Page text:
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NASDAQ CEO Adena Friedman on democratizing capitalism, and reforming free markets

NASDAQ CEO Adena Friedman: "I remain a true believer that capitalism is the best system that exists, we need to make sure everyone has access."

Video Transcript

ADENA FRIEDMAN: I remain a true believer that capitalism, as a concept, is the best system that exists, because it allows for people to maximize their opportunity. I think the key, though, is to make sure that everyone in society has an equal opportunity. So that's where I think that the execution of capitalism could continue to improve.

But both in terms of making sure that everyone in our society has access to capital to create a business, create jobs, and be able to innovate around ideas that they have, and I think we still have work to do. Because we have a lot of underserved and, you know, and certain minority organization-- populations that really just don't have that equal access. And so we want to make sure that as a purpose initiative that we have, that we start to make sure we educate entrepreneurs from all backgrounds on how they can access the public markets or-- or early capital, as well, to grow and expand their businesses.

And at the same time, we have to look at, what is the-- what is the responsibility of a company? And in particular, companies that are-- have been scaled and grown to-- in terms of their responsibility in the broader societies that they operate in, the communities that they-- that they serve. And what we're seeing on the back of the pandemic is that companies have really stepped up and stood up and said, I'm here to make sure that I provide a great return to our shareholders, but I'm also here to serve our employees and the communities around us.

And so some of the commitments that we've seen them make in terms of-- one great-- my favorite example is a grocery store chain who basically bought up all of the produce from local farmers who otherwise were not going to be able to sell their goods during the lockdown. And they bought them all up, and they donated them to food banks. Or you saw car manufacturing trans-- manufacturers transferring their-- their plants to be able to create ventilators.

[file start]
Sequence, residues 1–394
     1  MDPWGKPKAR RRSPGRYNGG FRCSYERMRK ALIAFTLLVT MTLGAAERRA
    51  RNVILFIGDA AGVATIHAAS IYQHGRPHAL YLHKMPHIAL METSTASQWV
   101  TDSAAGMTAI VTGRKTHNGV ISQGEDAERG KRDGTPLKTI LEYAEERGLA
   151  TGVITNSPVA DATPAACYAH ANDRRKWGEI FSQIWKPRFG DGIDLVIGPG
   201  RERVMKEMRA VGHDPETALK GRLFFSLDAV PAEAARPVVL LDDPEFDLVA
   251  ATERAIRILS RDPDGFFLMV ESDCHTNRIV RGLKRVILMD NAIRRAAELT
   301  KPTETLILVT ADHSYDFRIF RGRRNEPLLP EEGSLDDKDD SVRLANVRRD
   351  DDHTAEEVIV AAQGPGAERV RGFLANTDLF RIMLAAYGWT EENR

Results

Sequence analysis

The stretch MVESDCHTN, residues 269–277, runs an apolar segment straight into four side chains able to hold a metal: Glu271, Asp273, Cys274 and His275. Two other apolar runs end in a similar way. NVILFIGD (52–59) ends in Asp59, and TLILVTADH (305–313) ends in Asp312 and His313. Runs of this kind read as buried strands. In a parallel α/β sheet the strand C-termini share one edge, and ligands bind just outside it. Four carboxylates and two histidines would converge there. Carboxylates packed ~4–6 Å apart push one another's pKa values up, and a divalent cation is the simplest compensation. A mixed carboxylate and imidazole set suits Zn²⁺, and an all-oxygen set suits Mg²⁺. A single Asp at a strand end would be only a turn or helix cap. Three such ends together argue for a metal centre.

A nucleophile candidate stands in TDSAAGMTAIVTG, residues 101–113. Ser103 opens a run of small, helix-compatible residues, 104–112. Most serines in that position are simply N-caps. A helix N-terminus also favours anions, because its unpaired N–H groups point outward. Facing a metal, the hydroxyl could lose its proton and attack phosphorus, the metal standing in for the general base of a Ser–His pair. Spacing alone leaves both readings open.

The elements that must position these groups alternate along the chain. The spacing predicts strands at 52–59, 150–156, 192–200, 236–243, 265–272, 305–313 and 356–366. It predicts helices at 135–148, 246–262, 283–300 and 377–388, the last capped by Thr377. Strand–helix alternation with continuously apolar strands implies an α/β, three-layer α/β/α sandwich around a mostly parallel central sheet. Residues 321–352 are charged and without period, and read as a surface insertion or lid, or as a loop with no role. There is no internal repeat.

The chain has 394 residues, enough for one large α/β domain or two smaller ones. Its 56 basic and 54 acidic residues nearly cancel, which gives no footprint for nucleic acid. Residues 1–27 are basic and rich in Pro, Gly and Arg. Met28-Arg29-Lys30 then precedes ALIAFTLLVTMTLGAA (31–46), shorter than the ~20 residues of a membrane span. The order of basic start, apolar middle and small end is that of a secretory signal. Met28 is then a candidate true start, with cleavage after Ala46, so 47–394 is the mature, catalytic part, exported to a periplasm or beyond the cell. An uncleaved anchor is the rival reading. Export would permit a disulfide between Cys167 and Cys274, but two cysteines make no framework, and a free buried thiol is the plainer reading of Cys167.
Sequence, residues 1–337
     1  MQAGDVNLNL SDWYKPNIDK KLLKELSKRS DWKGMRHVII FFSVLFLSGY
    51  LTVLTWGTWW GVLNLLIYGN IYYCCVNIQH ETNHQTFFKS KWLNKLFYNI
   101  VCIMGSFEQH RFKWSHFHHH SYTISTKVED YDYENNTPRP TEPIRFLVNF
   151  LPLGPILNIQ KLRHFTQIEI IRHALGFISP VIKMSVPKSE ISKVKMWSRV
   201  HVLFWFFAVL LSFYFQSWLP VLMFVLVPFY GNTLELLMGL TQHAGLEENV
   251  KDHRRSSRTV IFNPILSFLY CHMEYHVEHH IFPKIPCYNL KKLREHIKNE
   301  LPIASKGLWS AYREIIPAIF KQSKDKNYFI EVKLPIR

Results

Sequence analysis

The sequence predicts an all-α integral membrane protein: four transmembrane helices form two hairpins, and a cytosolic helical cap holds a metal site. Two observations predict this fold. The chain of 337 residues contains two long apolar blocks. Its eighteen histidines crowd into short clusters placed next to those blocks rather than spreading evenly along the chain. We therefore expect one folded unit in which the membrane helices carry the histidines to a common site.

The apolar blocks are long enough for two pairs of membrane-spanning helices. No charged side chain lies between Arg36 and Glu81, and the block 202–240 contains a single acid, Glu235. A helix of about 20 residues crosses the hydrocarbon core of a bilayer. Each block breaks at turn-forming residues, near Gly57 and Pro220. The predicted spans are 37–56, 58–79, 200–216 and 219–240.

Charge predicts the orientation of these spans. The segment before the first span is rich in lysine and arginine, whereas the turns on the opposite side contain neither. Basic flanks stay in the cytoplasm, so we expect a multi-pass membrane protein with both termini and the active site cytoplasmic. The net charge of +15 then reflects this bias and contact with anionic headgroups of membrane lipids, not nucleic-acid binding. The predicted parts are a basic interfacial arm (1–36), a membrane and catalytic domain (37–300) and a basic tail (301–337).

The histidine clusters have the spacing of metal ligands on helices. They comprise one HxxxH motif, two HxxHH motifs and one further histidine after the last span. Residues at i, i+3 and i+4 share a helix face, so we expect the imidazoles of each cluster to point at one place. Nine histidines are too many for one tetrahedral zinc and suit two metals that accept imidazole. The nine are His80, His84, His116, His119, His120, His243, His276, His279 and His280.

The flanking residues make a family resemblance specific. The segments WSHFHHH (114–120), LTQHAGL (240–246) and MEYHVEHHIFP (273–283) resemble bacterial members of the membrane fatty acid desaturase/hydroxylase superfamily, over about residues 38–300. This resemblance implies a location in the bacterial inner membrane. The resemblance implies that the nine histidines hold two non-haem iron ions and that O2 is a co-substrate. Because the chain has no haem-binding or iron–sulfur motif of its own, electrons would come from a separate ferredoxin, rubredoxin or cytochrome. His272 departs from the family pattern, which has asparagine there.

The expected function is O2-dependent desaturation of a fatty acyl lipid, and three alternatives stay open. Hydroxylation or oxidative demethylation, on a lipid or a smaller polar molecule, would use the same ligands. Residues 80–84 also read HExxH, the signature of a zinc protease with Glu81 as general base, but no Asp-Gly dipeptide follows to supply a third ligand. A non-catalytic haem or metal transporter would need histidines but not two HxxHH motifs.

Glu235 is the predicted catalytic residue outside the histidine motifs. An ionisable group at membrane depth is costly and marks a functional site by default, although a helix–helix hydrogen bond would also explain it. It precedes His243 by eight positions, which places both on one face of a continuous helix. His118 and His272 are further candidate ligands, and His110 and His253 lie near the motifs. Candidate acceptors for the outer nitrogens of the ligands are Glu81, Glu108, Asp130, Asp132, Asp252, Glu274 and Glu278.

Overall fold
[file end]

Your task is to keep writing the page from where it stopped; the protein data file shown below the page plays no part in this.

Those are great examples, where those companies took that moment and said, we're here for a broader purpose, and we're going to make sure that we serve the communities around us in addition to making sure our shareholders get served over the long term. And I think that is the kind of spirit of cooperative capitalism.

I think going forward, as we go through this pandemic on the other side of it, there's also a really big opportunity for companies to cooperate with government. To say, we-- there are some big problems that we now have within our societies, and there's a way for us to use innovation in order to solve those problems. The private sector is-- really benefits. They have-- they have great innovation, and they have great access to capital. The public sector has the ability to solve big problems. And if you put those two together, you have a really great ability for us to advance our economy and advance our society going forward.